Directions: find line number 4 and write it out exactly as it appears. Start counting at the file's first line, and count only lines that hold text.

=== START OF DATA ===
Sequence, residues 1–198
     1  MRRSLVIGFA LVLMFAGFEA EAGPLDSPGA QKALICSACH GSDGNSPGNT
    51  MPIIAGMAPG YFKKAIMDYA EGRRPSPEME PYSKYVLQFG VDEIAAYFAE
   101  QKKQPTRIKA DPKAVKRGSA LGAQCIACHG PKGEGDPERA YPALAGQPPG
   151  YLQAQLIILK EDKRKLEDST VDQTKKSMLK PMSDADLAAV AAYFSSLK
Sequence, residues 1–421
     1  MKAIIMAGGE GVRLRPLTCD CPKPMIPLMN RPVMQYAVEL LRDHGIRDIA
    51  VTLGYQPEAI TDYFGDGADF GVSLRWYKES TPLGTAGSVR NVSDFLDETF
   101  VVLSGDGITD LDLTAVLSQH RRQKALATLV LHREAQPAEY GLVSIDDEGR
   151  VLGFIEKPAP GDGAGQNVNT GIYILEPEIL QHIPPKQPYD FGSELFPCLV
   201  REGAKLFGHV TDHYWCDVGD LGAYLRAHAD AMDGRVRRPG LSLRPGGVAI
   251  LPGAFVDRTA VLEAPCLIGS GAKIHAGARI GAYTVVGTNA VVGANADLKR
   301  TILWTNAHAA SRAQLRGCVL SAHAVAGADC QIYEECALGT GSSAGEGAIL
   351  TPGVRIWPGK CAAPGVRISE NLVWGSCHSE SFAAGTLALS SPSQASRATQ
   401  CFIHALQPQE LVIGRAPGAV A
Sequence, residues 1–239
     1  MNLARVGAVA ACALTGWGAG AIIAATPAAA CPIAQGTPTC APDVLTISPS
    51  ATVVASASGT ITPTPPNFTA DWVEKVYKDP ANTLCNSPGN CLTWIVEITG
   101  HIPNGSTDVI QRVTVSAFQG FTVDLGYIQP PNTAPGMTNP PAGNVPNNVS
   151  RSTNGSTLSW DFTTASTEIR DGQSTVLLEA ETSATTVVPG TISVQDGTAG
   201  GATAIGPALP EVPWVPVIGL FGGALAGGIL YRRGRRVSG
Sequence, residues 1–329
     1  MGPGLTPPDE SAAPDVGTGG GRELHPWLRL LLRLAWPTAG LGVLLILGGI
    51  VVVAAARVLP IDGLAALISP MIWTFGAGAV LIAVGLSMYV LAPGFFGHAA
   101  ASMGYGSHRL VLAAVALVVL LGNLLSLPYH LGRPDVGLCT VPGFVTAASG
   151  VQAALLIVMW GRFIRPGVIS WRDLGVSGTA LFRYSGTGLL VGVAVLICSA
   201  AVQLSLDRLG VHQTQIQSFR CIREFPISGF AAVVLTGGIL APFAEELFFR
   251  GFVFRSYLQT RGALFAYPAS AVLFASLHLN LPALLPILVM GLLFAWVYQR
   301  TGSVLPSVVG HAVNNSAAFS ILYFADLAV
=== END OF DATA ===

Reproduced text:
   101  QKKQPTRIKA DPKAVKRGSA LGAQCIACHG PKGEGDPERA YPALAGQPPG